Bang (Korean)

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Bang
KoreanalleryBritishMuseum1.jpg
Traditional Korean sarangbang (study room). Exterior, in the British Museum Department of Asia.
Hangul
Hanja
Revised Romanization bang
McCune–Reischauer pang or bang[1]
Traditional Korean sarangbang (study room). Interior, in the British Museum Department of Asia.

Bang is a romanization of the Korean word 방, meaning "room". In a traditional Korean house, a sarangbang (Hangul: 사랑방; Hanja: 舍廊房) is the study or drawing room, for example.

In modern Korea (especially in the South), the concept of a bang has expanded and diversified from being merely a walled segment in a domestic space, to including buildings or enterprises in commercial, urban, space, such as a PC bang (an internet café), a noraebang (a karaoke room), sojubang (a soju room, i.e. a pub), manhwabang (a manhwa room, where people read or borrow manhwa) and a jjimjilbang (elaborate Korean public bathhouse). This can be compared with the similar expansion of the concept of a "house" to include upper houses, opera houses, coffee houses, and publishing houses.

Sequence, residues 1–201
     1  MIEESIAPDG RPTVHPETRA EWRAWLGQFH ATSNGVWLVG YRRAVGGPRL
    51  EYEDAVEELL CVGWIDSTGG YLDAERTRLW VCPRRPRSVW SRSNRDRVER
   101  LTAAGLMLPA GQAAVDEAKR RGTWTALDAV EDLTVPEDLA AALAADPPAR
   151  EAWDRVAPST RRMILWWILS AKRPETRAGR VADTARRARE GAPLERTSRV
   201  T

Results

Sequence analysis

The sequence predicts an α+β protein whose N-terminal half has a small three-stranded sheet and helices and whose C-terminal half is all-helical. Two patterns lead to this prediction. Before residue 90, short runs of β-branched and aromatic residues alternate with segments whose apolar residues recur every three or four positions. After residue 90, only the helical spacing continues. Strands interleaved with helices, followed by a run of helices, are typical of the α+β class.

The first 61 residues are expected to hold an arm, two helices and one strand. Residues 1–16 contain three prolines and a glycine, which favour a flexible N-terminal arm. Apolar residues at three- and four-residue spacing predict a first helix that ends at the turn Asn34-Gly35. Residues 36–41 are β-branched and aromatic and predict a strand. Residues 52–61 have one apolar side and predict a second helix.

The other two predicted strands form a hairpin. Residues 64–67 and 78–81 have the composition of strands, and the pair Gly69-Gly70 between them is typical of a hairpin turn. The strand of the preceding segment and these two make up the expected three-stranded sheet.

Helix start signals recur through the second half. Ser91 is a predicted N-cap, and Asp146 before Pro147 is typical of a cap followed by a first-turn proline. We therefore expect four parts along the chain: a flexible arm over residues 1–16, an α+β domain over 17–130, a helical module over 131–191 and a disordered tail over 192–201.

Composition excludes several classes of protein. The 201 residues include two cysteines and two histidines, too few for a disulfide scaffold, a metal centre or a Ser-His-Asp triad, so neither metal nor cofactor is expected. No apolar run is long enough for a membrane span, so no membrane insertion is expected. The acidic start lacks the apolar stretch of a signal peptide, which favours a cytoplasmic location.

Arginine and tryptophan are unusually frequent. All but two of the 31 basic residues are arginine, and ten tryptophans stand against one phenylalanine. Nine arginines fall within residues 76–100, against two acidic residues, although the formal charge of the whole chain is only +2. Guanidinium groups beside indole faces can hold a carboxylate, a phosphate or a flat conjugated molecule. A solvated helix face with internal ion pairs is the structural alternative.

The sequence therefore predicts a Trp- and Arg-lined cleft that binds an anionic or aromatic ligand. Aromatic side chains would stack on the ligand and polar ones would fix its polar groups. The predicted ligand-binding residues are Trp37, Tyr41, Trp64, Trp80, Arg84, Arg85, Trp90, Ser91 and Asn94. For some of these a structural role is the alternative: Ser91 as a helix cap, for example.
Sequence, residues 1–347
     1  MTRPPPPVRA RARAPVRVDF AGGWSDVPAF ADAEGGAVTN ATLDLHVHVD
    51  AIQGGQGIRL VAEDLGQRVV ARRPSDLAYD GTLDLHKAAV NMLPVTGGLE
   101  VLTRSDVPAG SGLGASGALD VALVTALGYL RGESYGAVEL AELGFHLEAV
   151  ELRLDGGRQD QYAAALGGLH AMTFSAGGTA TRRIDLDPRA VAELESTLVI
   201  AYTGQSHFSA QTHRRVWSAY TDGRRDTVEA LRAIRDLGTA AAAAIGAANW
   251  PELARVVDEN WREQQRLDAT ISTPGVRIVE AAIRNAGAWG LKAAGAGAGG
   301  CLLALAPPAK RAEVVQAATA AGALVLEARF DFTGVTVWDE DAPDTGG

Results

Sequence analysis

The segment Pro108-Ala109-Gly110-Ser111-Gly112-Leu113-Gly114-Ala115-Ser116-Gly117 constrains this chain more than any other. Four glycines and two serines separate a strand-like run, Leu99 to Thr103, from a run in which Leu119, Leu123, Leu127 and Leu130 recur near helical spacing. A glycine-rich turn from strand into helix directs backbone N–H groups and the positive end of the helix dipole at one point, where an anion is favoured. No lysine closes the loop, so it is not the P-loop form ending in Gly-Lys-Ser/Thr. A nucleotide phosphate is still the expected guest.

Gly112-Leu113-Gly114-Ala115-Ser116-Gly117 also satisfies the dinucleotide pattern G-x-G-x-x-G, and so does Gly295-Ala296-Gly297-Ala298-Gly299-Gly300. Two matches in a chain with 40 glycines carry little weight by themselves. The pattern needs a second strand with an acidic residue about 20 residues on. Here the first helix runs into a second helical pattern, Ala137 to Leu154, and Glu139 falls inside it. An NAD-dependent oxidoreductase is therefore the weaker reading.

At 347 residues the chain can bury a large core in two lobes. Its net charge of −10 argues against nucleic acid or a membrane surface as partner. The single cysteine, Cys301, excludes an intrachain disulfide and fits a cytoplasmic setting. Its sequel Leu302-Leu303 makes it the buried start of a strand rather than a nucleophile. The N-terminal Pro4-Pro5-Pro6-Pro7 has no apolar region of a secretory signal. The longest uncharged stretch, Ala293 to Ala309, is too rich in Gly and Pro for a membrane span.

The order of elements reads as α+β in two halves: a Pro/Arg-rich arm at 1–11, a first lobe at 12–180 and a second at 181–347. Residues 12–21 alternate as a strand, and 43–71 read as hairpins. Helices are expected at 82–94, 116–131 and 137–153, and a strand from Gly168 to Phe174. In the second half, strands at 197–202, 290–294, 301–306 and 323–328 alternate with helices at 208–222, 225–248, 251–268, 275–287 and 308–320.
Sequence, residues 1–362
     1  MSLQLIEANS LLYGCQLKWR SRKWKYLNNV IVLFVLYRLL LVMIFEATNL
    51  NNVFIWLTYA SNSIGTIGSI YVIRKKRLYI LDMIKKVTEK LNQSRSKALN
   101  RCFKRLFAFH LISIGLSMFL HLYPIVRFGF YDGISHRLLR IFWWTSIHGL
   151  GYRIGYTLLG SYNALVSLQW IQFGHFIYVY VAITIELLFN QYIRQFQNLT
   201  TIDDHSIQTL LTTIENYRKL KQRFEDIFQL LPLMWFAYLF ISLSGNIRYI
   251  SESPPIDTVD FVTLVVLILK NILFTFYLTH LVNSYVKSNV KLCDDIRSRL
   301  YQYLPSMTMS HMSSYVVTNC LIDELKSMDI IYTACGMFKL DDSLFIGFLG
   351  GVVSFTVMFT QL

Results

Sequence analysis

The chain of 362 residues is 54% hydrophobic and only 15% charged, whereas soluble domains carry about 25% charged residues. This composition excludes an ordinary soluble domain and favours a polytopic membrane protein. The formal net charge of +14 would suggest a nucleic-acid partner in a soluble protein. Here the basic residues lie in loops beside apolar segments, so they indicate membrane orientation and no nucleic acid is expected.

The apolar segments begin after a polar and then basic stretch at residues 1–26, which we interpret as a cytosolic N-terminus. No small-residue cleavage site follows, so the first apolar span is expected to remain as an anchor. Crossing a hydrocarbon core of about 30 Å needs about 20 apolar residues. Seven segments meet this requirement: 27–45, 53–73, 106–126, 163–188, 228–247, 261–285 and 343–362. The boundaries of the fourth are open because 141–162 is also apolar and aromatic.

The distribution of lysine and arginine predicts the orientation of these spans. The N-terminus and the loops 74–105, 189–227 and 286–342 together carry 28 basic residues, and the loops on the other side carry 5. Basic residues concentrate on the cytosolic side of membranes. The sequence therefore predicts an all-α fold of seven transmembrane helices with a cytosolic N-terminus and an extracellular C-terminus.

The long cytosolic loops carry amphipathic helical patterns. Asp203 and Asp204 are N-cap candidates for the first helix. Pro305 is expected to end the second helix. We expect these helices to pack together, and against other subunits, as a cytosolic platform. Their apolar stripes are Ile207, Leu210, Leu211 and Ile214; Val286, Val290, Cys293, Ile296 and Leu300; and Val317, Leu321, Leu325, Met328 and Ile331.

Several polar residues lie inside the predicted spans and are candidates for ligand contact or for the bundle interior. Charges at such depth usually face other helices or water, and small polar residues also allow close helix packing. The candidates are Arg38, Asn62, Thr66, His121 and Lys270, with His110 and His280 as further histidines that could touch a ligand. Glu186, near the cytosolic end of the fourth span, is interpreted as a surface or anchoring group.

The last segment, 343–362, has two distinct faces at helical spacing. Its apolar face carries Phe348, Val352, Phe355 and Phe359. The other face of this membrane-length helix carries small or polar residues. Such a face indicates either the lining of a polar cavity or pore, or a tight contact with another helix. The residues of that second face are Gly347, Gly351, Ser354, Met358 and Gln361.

Phonetically more tensed word ppang (빵) is used as an abbreviation of a noun gambang[2] (Hangul: 감방; Hanja: 監房; McCune-Reischauer: kambang), meaning "jail".

Multibang[edit]

A multibang

Multibang is a kind of entertainment venue in South Korea where people can play video games and board games. In addition, they can eat snacks, drink non-alcoholic beverages, sing, and watch films.[3]

See also[edit]

Notes[edit]

  1. ^ The former is transcribed when the consonant ㅂ is voiceless phonetically, and the latter is transcribed when it is voiced.
  2. ^ Generally it is pronounced as kkamppang (Hangeul: 깜빵).
  3. ^ S Kwaak, Jeyup (19 July 2011). "Evolution of Korean 'bang' culture". travel.cnn.com. Retrieved 2015-10-15. 

References[edit]